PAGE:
to than end... However we do not need greater business influence on
public policy processes *than there already is* - much less for business
to lead the process as expressly proposed by Jack MA.... If he just
wanted to make global policy processes more open and transparent, he
could well have said just that .
BTW, Milton, I am sure you must have been paying attention to your own
country's presidential election campaign - you can clearly see what is
the overwhelming public sentiment in the regard of big business
influence on your country's politics - that is if the dominant public
sentiment matters to you in making up your view about what kind of
public policy processes are appropriate.
If you and others hear 'more transparency and participation' when
someone calls for 'business led policy making', Milton, I must tell you
that there is a serious ideological issue here - and you are certainly
quite off from the stance of overwhelming global civil society
opinion.... It is only in the IG space that some of you have been able
to create this pro-business neoliberal thinking environment, which is
what, as you have seen, people like me keep resisting...
*Meanwhile, pl do not forget to tell me clearly what you think is the
role of different social actors, especially business, in public policy
making...* And please try to be as clear as possible (though I can bet
money that you are unlikely to do any such thing :) ).
PS: Let me quote what was supposed to be the second para in the article
on Jack Ma's announcement that I wrote, but I removed in the last edit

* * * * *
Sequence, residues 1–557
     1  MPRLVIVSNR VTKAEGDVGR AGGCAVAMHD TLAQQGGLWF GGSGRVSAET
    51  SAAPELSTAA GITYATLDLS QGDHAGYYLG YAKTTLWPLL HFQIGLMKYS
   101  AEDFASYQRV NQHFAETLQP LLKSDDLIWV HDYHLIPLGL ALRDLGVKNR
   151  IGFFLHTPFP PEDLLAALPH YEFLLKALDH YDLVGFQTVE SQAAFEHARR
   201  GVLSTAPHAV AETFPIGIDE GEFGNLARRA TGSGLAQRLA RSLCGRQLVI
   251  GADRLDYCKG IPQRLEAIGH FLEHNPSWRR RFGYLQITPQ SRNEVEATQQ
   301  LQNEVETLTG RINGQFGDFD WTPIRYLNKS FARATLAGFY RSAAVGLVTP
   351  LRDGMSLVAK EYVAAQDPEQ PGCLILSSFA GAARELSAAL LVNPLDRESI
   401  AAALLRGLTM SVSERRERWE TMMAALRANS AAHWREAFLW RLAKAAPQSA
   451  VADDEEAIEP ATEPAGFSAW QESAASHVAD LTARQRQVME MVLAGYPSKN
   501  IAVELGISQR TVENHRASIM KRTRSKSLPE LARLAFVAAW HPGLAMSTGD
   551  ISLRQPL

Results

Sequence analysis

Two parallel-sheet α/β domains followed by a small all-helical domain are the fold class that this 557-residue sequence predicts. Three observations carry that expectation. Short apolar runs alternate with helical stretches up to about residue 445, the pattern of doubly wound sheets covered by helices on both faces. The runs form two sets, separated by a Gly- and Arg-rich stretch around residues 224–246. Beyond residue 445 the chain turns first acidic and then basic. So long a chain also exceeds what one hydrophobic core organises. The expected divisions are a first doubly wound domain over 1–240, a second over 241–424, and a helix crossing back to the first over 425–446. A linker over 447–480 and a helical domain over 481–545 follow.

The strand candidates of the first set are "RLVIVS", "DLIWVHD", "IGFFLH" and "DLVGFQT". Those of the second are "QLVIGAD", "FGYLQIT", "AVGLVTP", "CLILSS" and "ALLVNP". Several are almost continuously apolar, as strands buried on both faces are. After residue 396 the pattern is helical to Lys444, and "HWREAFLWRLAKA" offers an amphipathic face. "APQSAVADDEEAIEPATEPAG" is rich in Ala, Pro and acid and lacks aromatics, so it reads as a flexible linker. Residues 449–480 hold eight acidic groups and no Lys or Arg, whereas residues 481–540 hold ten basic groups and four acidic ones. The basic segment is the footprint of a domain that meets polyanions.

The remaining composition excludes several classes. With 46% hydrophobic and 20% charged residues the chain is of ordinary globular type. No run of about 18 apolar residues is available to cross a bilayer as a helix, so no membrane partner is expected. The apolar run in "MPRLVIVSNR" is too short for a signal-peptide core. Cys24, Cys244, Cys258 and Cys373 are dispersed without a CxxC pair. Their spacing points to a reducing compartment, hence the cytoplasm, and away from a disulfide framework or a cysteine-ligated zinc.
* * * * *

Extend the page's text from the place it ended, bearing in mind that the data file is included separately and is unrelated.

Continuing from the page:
to shorten the piece...
"Social roles have historically been divided between public and private
sectors, with some in-between zones that have been the subject of much
political contest. But at the two ends, it has for some time been
generally accepted that the policies, laws and rules of society's
working are public functions whereas economic enterprise should largely
be private. Neoliberalism is defined as bringing market paradigms to
bear on areas that are traditionally in the realm of the social/public
sector – from dismantling or weakening industry regulation (in favour of
'self-regulation') to privatising public services like education,
health, and livelihood support. In the new era of digital corporations
taking over complete social and business sectors ranging from organsing
society's knowledge, social networking, and instant media, to travel,
hotels, transportation, health, education and agriculture, we are
witness to an entirely new levels of neoliberal onslaught as these
corporations now begin to write the very rules that govern each of these
> Dr. Milton L. Mueller
> Professor, School of Public Policy
> Georgia Institute of Technology
>> -----Original Message-----
>> From: governance-request at lists.igcaucus.org [mailto:governance-
>> request at lists.igcaucus.org] On Behalf Of parminder
>> Sent: Thursday, May 12, 2016 3:35 AM
>> To: governance at lists.igcaucus.org; BestBitsList <bestbits at lists.bestbits.net>
>> Subject: [governance] Now business wants to lead policy making
>> A recent announcement by Alibaba's founder Jack Ma exposes what the real
>> intent, and the problem, with business led multistakeholderism is, something
>> a lot of people/ groups have perhaps innocently got into supporting.... He
>> proposes a new business led initiative to frame global e-commerce rules,
>> which would rival the WTO, which can keep making them for offline trade.
>> And he is entirely serious, with Alibaba already working with a number of
>> groups and intending to present the proposal to G 20 later this year.. To me it
>> is a political shocker, but that is where much of multistakholderism ideology
>> is headed.
>> I wrote an op-ed on this issue in yesterday's The Hindu, which is at
>> We must re-assess what does unhinging of the role of legitimate political
>> actors in key public policy areas means. It just transfers power to a few global
>> corporates to runs our societies as a corporatocracy. Many of our discussions
>> here on mulitistakeholderism as a sovereign political form need to be seen in
>> this context.